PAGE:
written by: Lai Ho Tin, Sky

Company Background
Red Bull has the highest market share (43% globally) among energy drinks in 2014 [1]. 6.06 billion cans of Red Bull are sold in 2016 [2]. The slogan, “Red Bull gives you wings”, serves as the brand message to target young adults and the brand is associated with extreme sports, parties and other activities and events like music festivals.

Campaign Introduction
Red Bull Can You Make It Campaign is the global event of Red Bull in 2016 and 500+ university student teams from 50+ countries across the globe have seven days to travel across Europe to complete a series of challenges with only 24 cans of Red Bull as currency. No cash, cards, device and personal phone are allowed within the seven days of challenge except a smartphone provided by the organiser for uploading of pictures and videos. It builds Red Bull as an adventurous, energetic and young brand.

The main competitor of Red Bull is Monster energy drink which also account for 43% of global market share. The slogan of Monster is “unleash the beast”, mainly targeting athletes and people who like parties. Monster seldom reaches out to the students segment. Monster also supports e-sports and extreme sporting events such as BMX and Motocross events.

Red Bull is clearly trying to expand its market coverage to university students. Students mostly possess an abundance of energy to live a fruitful life no matter in study, sports and entertainment; Red Bull is a perfectly to compliment this kind of life. Besides, university students are very likely to become a member of the middle/upper class of future. Nurturing their habit of drinking red bull is beneficial to the long-term sales and brand development of Red Bull.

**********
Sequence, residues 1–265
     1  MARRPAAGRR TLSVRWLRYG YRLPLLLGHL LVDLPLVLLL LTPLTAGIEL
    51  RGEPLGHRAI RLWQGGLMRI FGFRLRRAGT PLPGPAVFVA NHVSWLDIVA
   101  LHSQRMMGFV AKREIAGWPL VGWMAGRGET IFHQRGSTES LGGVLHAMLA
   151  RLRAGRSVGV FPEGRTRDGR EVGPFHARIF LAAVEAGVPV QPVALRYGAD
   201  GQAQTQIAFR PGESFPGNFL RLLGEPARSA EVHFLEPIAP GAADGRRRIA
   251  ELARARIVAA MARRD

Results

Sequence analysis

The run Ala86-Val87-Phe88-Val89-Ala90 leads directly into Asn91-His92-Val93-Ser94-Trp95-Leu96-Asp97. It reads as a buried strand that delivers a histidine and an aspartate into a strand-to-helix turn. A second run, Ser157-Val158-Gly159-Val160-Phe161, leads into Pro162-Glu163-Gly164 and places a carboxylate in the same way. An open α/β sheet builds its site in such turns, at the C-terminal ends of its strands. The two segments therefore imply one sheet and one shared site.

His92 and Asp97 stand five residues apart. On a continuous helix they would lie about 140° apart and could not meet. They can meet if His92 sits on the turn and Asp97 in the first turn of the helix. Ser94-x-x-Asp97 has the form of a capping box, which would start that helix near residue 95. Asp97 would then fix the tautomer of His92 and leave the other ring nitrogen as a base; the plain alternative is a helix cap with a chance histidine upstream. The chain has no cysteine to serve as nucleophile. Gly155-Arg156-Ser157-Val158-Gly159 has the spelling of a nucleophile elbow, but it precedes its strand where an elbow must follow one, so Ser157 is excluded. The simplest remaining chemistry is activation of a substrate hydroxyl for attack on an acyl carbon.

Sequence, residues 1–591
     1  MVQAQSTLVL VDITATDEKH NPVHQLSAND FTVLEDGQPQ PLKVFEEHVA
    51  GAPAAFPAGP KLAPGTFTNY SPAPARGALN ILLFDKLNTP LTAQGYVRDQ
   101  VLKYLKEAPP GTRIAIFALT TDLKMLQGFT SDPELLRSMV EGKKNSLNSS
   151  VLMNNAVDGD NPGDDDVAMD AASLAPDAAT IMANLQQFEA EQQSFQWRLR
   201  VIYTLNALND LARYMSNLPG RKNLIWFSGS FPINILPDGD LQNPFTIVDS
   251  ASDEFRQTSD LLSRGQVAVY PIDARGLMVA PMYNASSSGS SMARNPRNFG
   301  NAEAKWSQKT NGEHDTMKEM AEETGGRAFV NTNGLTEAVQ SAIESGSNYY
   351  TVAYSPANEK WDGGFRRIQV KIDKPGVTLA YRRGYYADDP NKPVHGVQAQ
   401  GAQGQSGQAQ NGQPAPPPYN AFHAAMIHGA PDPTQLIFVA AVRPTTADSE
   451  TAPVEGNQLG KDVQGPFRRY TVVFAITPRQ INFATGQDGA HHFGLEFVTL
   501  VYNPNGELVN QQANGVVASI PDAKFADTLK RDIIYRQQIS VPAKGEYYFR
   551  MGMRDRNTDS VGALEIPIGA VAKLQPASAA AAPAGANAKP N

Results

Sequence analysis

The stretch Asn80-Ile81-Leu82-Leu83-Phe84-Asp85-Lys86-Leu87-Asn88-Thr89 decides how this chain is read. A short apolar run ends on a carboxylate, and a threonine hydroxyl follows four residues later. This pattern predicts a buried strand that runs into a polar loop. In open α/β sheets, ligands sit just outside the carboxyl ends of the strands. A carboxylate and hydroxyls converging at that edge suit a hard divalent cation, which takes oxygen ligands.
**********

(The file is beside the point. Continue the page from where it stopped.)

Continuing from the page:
The benefits to Red Bull in franchising a participative campaign like “Red Bull Can You Make It” are manifold. First, it increases the brand awareness and sales of Red Bull among university students. Most of the students may have heard about Red Bull due to its advertisement or publicity of its major extreme sports events, they may not have a good reason to actually try drinking Red Bull. The campaign is a perfect to induce first trial.

Second, tons of social media buzz is created. In every checkpoint, participants need to post a photo on Instagram with branding hashtag and product placement. Organic viral effect is kind of guarantee, to Red Bull fans, and friends, families and supporters of the participants. All of them would keep a close eye on the 7-day progress of the competition. As a result, more than 200k likes on social media are created about this campaign. Somehow the result of reaching specific target customers group via social media is more effective than traditional media coverage.

Third, the task in the checkpoint also correlates with the brand positioning of Red Bull. The challenges test the teams’ body and mind, including physical activities and problem solving abilities. The demand for speed, discipline and creativity is way more challenging than normal city-hunt games. In addition, may cultivate a vivid urge for a sip of Red Bull.

One demerit is that the campaign may be kind of remote for students from non-European countries. The same campaign has been held in Asia in 2014 and 2016 but not with the same kind of impact. Not sure if it is because of the difference in culture, Red Bull may consider to beef up the campaign outside Europe.

[1] https://www.caffeineinformer.com/the-15-top-energy-drink-brands
[2] https://www.forbes.com/companies/red-bull/